Reading has a host of benefits. In fact, it should really become a habit as common as bathing. As far as photography is concerned, there’s those that’ll tell you that you should be spending less time reading about the craft and more time doing it. Even if I think highly of Trey Ratcliff’s HDR work but if I don’t have the gear or sheer inclination to replicate similar type of photographs, then I don’t bother spending endless hours reading up on the technique.
I believe my time would be better spent either actually photographing or reading up on the type of writing that sparks ideas and feelings about wanting to photograph more. With the exception of most of David duChemin’s books, the shelf above my desk is hardly occupied with books on every aspects of photography.
How can you evaulate if what you’ve been reading lately has had a positive influence on you creatively? Mark Shead illustrates exactly what’s happen to me more than I would like to admit:
Personally, I can tell if I’ve been reading enough high quality writing based on the number of ideas I have. For example, if I sit down to write and have a very difficult time coming up with anything to write about, it is usually a sign that I haven’t been reading enough. On the other hand, if I’ve been reading a lot of high quality content, the ideas just seem to flow.
90% of photographic material relating to advice or instructional information is extracted from blogs and I wanted to share with you a couple of my favorites that have received a well deserved “Like” from me on my Instapaper queue in no particula order.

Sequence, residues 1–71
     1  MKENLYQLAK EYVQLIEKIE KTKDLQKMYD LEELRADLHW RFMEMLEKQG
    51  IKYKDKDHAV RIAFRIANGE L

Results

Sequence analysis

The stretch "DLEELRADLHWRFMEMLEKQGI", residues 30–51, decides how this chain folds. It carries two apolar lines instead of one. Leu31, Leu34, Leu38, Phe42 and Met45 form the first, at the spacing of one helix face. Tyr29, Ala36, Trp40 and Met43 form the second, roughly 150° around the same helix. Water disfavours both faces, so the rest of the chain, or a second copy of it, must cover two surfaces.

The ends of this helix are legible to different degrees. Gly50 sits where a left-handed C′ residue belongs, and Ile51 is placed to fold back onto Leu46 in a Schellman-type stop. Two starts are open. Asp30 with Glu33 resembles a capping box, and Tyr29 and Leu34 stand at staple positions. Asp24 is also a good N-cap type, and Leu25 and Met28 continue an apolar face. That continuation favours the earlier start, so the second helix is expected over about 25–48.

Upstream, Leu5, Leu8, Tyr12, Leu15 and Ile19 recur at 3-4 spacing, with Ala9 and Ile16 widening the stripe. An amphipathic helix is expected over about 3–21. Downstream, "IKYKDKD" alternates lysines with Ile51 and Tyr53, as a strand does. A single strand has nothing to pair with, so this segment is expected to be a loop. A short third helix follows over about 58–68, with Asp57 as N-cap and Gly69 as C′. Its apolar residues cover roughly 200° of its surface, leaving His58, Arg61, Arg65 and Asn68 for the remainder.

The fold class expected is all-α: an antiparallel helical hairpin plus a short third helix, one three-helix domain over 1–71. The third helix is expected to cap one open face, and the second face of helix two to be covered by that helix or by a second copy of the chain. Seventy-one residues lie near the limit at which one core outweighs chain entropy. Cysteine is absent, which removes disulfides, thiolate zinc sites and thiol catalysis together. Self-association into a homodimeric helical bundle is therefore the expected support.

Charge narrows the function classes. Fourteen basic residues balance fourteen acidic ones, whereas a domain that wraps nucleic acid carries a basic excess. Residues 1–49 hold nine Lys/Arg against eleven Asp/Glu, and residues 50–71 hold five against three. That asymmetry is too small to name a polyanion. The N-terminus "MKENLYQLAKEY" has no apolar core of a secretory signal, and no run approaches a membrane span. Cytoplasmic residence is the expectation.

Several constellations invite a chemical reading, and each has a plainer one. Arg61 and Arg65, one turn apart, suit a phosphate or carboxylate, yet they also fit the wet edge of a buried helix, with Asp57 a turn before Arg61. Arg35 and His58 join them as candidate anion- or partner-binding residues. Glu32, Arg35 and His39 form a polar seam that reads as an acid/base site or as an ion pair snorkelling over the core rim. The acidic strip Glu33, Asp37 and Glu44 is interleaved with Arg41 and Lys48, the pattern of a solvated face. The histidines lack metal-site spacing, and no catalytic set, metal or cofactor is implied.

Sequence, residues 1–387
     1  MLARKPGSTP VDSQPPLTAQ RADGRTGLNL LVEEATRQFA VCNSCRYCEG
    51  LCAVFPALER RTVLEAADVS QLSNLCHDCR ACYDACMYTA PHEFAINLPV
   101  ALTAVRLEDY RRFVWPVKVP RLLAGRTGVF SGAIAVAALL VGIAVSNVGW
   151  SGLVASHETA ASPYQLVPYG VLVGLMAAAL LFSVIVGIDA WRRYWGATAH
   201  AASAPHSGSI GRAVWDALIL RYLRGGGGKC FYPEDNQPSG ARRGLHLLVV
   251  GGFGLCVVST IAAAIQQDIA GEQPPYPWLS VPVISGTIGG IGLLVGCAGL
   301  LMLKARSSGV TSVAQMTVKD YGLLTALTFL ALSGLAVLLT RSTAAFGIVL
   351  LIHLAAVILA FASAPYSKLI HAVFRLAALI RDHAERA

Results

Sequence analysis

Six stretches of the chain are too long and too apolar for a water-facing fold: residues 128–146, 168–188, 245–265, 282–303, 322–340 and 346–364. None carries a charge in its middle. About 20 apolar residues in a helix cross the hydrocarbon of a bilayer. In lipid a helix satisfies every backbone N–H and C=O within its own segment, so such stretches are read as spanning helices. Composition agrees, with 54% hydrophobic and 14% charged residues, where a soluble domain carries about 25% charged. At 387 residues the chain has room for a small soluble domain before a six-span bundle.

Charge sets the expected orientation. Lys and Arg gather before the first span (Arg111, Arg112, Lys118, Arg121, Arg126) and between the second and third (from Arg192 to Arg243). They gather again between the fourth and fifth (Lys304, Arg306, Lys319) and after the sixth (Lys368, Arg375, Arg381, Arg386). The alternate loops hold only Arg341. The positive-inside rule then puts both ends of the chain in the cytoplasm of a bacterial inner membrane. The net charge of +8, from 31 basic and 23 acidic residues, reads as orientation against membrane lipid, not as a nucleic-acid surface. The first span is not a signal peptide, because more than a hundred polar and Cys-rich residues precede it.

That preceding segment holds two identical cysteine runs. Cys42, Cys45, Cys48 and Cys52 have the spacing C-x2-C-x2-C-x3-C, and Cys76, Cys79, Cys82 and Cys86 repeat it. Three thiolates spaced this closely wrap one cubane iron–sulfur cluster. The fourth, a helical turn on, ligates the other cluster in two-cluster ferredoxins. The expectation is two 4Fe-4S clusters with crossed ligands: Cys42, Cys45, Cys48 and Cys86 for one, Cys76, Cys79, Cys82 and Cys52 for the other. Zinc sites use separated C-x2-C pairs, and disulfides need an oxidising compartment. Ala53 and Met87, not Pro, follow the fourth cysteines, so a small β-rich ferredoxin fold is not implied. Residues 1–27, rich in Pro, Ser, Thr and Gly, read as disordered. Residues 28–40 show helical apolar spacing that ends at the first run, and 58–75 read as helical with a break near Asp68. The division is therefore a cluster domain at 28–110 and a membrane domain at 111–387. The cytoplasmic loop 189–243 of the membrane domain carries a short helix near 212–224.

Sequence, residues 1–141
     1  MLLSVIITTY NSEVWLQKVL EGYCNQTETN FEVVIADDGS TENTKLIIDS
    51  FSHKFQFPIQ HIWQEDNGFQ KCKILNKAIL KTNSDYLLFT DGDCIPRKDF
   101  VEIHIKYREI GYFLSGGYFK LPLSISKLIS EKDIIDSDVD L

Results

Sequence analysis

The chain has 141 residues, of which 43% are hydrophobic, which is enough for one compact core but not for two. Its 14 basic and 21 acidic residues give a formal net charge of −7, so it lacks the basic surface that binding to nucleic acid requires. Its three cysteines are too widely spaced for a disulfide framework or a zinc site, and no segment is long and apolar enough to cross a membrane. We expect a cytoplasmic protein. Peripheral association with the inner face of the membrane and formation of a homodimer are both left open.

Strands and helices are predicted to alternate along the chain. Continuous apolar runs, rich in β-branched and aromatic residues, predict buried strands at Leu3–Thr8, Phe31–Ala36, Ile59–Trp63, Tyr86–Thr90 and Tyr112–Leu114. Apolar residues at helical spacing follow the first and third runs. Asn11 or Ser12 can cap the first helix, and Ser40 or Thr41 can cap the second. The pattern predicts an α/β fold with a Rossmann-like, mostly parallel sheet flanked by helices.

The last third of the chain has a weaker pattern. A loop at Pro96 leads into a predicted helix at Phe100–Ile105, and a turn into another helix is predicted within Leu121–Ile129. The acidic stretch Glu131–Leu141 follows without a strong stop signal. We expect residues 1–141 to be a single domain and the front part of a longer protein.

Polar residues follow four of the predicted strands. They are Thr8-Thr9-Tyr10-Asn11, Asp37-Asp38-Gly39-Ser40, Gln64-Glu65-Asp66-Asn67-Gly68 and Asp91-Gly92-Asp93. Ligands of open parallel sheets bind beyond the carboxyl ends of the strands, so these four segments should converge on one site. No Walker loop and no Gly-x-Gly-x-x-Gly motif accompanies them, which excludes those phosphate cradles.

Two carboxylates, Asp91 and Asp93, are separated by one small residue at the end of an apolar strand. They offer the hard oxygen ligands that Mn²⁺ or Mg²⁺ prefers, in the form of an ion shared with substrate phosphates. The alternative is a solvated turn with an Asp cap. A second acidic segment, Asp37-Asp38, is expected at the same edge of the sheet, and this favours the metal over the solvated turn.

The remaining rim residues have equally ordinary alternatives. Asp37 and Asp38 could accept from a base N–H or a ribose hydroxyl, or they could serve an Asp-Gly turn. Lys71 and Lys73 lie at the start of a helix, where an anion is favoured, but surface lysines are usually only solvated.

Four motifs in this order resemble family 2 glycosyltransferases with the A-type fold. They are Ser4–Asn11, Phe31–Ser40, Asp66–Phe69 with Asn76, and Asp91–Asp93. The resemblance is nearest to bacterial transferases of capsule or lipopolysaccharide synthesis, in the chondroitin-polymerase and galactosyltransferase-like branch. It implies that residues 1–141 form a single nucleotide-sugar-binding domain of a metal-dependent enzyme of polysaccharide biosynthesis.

- For Love or Money? by Laurence Kim
- Some Thoughts on Photography by Sean Bonner
- Novelty of New by Daniel Milnor
- Can You Teach Yourself Photography by Virtual Photography
- Getting Close: Does It Really Make You a Better Street Photographer? by Simon Garnier guess posting on Eric Kim’s Street Photography website
- From Enthusiast to Professional Photographer by Paul Indigo
- Dear Aspiring Travel Photographer by Mitchell Kanashkevich
- Have a Purpose for Your Photoblog? by Scott Webb
As a photographer who equally takes pleasure in writing, I don’t just enjoy the sites I read. I try to pinpoint reasons why I enjoy them. Is it the narrative style of the author, their tone, their thought-provoking viewpoints? It’s all of that. Unless we can fully understand the effect that one particular article may have on us, we’ll never make sense of why we’re attracted by it. Theories and opinions come second. Experiences are first.